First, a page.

What a great question. Maybe a writer reflects and evokes experiences in the world and in the human psyche and works with the material (and fluid associations) of language to co-create experiences and reflections with readers – a constructive loop of being critically conscious in the world perhaps.
Glossary plays an important role in Zooetics project. What makes it so important?
Because language is material, slippery and suggestive. We can’t hope to pin it down but in order to use it to try to communicate with each other, to share ideas and experiences, we can at least temporarily corner some of its meanings, still them briefly in their perpetual shifting, so that we almost understand each other, for a moment.
It seems that one mission of Zooetics is reforming language. What is the importance of those definitions? What does defining and redefining concepts do to our thinking?
I hope the definitions will keep shifting and other people will keep suggesting ways in which they need to be redefined again and again. When we easily assume we know what we and others mean when we use language, then we run a risk of staying on the surface and disunderstanding altogether. I don’t believe there is any singular, static understanding but that’s no reason to give up communicating and sometimes the misunderstandings and unexpected associations of language can give real insights, almost as if language itself is one of these lifeforms we are trying to engage with.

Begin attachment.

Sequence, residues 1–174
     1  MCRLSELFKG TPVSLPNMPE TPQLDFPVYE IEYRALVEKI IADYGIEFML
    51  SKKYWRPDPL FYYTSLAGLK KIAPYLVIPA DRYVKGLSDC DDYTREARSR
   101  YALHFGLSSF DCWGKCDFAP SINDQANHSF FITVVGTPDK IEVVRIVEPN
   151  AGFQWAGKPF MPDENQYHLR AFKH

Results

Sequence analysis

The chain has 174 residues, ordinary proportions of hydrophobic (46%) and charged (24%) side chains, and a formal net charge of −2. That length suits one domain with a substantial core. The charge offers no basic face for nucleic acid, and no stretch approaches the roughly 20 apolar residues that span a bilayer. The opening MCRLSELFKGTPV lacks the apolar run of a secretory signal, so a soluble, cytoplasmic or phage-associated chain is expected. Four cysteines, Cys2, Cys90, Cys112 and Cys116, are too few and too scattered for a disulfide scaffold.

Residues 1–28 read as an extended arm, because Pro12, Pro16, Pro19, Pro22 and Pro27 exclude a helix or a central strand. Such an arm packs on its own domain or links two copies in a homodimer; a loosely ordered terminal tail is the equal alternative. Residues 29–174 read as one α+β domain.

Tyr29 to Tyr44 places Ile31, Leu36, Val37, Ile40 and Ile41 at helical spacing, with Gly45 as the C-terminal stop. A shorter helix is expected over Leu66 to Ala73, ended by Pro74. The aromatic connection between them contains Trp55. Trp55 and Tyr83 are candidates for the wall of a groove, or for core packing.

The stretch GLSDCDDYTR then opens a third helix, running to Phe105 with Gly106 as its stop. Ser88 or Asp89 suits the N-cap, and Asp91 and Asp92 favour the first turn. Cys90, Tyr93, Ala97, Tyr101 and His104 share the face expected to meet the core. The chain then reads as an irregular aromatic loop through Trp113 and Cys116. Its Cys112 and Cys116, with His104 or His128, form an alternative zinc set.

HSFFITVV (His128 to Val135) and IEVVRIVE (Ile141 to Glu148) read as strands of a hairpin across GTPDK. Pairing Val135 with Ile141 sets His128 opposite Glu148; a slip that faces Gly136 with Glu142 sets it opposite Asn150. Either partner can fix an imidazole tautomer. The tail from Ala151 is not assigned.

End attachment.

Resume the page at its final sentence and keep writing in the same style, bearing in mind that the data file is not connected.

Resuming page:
How do you see your role in Zooetics project? Which part of it is of particular interest to you?
I see my role as putting out provocations, mostly in text form, for others to disagree with, add to, amend, augment with images, moving images, sounds and other sensory modes of communication. At the moment I am very interested in people who have very close associations with animals – animal behaviour therapists, cat whisperers, zoo keepers, pet lovers, farmers, fishermen, some hunters – and how they interpret through embodied engagements.
In the definition of the project there is a concept of creating ‘environmental fictions’. What is it? How is this related to writing fiction?
Interspecies dialogue is a difficult, some would say nonsensical terrain. I don’t think we will be putting Cod or Goshawk, Mussel or Giraffe, into Google Translate at any time in the future. But fiction – imagining things that don’t yet exist – might help us think about this terrain. Fiction in this project might be written but it could also be an image, a model, an installation, and it might help us think about another very difficult topic – a radical shift in human relationships with the environment and other life.
What is the relationship of fiction and reality in writing and in life in general?
I write novels that weave together researched ‘fact’ (insofar as anything ever is fact) and imaginings in the gaps in between facts. Creating credibility for readers is more important than adhering to (an anyway probably spurious) authenticity. Your readers have to believe in the fictional world you plunge them into, and they have to believe in the physical, mental and emotional world of each character that you ask them to engage with. I suppose that all fiction writers hope their readers will emerge from the world of the book back to the world of reality and their own individual realities with refreshed eyes and hearts. And the very best writers do achieve that (or you could read artists, architects, philosophers and so on, here instead). I love the definition of the future as a time yet to come, the potentiality of that. We are always trying to shape the world we are moving through, to make it make sense to us at this moment, at this crossroad.